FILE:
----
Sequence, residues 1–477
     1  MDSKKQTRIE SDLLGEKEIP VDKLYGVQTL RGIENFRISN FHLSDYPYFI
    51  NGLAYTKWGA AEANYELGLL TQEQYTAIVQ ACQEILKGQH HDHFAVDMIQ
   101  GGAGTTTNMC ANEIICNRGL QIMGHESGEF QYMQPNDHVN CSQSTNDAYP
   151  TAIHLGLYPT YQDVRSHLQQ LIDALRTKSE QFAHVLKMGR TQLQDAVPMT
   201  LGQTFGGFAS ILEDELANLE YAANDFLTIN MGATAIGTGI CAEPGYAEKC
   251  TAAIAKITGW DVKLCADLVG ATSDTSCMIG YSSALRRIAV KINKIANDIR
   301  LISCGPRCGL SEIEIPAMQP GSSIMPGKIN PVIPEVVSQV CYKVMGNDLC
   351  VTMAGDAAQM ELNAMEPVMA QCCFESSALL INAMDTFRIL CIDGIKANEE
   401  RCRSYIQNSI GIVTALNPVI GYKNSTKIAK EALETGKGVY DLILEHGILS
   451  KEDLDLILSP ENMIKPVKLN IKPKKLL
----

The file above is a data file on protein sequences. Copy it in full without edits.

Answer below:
Sequence, residues 1–477
     1  MDSKKQTRIE SDLLGEKEIP VDKLYGVQTL RGIENFRISN FHLSDYPYFI
    51  NGLAYTKWGA AEANYELGLL TQEQYTAIVQ ACQEILKGQH HDHFAVDMIQ
   101  GGAGTTTNMC ANEIICNRGL QIMGHESGEF QYMQPNDHVN CSQSTNDAYP
   151  TAIHLGLYPT YQDVRSHLQQ LIDALRTKSE QFAHVLKMGR TQLQDAVPMT
   201  LGQTFGGFAS ILEDELANLE YAANDFLTIN MGATAIGTGI CAEPGYAEKC
   251  TAAIAKITGW DVKLCADLVG ATSDTSCMIG YSSALRRIAV KINKIANDIR
   301  LISCGPRCGL SEIEIPAMQP GSSIMPGKIN PVIPEVVSQV CYKVMGNDLC
   351  VTMAGDAAQM ELNAMEPVMA QCCFESSALL INAMDTFRIL CIDGIKANEE
   401  RCRSYIQNSI GIVTALNPVI GYKNSTKIAK EALETGKGVY DLILEHGILS
   451  KEDLDLILSP ENMIKPVKLN IKPKKLL